Over the past five years, Diffusion Tensor Imaging (DTI) has begun to provide
new evidence about the effects of prenatal alcohol exposure on white matter
development. DTI, which examines microstructural tissue integrity, is more sensitive to
subtle white matter abnormalities than traditional volumetric MRI methods. Thus far, the
available DTI data suggest that white matter microstructural abnormalities fall on a
continuum of severity in Fetal Alcohol Spectrum Disorder (FASD). Abnormalities are
prominent in the corpus callosum, but also evident in major anterior-posterior fiber
bundles, corticospinal tracts, and cerebellum. These subtle abnormalities are correlated
with neurocognitive deficits, especially in processing speed, non-verbal ability, and
The two studies presented here provide evidence of microstructural anomalies in
the brains of children who were prenatally exposed to alcohol and demonstrate that those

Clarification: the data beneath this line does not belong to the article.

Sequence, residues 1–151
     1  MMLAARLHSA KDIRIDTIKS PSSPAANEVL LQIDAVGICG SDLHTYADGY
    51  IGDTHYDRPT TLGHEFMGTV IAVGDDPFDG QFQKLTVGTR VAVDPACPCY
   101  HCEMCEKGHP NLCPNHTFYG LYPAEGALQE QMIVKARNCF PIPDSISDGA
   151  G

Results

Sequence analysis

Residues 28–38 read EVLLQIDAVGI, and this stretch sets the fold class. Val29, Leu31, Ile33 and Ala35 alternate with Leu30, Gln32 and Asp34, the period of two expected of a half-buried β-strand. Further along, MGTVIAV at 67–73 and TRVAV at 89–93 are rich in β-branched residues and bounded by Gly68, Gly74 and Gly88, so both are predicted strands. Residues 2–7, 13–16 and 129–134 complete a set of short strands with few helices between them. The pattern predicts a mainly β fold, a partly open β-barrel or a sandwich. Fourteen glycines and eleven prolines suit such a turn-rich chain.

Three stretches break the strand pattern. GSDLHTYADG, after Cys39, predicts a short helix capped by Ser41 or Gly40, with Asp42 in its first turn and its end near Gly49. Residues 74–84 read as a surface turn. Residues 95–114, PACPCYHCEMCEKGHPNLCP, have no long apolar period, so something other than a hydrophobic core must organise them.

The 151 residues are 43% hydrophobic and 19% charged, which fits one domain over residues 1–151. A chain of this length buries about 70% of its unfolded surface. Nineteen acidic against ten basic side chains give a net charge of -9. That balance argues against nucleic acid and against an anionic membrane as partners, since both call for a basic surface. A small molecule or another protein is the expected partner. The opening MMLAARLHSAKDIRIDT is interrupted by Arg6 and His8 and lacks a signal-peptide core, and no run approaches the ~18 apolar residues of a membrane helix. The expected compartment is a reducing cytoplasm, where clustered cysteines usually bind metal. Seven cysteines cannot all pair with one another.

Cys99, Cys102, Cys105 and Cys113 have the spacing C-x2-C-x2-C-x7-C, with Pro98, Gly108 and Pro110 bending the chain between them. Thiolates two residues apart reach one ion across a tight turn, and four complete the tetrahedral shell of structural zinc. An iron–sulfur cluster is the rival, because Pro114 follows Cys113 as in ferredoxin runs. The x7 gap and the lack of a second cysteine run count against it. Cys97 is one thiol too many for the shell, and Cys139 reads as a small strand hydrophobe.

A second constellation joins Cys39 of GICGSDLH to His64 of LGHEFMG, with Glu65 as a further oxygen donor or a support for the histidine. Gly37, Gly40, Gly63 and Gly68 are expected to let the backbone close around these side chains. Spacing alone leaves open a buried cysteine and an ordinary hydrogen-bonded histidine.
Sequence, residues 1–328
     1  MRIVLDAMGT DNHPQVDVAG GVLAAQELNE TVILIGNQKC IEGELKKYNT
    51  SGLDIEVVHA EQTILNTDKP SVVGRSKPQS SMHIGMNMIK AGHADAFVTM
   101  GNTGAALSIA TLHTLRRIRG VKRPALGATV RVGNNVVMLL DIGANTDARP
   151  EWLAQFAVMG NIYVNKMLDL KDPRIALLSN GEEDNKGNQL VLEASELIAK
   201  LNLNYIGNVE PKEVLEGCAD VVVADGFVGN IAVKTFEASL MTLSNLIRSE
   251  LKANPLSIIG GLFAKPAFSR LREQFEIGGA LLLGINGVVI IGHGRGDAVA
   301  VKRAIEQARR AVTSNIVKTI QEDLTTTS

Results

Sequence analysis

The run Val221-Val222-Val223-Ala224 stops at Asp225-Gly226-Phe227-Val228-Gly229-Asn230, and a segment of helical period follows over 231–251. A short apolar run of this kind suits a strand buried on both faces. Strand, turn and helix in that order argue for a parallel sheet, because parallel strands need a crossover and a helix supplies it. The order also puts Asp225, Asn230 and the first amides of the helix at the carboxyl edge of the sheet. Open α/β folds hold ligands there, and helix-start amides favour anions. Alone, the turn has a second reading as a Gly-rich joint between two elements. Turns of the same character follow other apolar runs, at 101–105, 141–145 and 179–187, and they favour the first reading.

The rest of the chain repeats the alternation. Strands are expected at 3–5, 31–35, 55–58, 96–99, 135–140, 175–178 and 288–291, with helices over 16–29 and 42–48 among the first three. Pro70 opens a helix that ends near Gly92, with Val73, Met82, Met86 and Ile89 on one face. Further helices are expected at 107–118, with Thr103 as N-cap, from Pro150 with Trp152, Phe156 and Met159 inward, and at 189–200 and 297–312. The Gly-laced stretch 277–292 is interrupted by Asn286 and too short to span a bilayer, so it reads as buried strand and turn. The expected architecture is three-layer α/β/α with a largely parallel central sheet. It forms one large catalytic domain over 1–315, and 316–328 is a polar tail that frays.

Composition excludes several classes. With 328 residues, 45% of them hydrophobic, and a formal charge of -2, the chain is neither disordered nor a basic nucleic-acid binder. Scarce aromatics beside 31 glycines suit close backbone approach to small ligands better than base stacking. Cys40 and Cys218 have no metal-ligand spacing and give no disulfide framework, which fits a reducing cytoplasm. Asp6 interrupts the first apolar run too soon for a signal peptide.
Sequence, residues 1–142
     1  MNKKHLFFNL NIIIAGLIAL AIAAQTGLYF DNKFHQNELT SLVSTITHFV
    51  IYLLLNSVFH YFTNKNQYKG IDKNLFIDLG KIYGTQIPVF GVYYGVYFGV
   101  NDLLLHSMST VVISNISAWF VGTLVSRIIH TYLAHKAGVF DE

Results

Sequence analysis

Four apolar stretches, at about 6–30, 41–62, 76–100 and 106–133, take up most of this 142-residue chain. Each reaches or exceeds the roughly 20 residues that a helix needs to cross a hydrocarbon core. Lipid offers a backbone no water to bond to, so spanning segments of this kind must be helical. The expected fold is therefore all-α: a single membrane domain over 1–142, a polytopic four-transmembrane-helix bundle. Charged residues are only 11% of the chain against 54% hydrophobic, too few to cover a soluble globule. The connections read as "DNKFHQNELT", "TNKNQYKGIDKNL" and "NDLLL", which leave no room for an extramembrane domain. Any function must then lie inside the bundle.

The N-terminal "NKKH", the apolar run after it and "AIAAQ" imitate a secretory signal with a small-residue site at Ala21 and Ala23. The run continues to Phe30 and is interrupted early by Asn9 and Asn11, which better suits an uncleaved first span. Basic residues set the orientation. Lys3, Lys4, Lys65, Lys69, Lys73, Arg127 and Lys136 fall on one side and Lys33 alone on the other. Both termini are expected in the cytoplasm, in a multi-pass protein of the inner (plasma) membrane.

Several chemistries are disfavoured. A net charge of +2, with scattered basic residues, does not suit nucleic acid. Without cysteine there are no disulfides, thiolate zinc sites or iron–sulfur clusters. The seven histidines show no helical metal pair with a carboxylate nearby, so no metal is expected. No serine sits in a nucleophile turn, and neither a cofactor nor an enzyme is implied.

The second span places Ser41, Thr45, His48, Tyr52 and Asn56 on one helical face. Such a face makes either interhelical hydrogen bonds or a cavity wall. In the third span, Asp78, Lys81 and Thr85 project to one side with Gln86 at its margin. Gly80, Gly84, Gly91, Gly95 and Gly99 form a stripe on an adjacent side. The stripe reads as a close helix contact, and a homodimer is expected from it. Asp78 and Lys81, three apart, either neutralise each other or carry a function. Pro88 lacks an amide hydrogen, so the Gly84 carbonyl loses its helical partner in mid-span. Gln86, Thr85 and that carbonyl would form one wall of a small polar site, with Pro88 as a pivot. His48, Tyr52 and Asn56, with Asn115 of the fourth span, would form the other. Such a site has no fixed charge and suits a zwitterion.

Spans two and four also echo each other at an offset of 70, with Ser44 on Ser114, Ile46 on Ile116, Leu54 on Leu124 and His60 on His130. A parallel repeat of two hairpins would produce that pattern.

anomalies are associated with disruptions in functional brain connectivity. The majority
of the patients in these two investigations were children who did not meet full criteria for
Fetal Alcohol Syndrome (FAS). Thus, these data provide evidence that there are genuine
consequences of moderate alcohol consumption during pregnancy even in the absence of
the full syndrome. Ultimately, these types of sensitive brain measures may serve as
indices of change in future longitudinal studies and in studies of interventions for FASD.
University of Minnesota M.S. thesis. May 2011. Major: Clinical research. Advisor: Kelvin O. Lim, M.D., 1 computer file (PDF); vi, 65 pages.
Wozniak, Jeffrey Robert.
Structural and functional brain abnormalities in children with fetal alcohol spectrum disorders (FASD).
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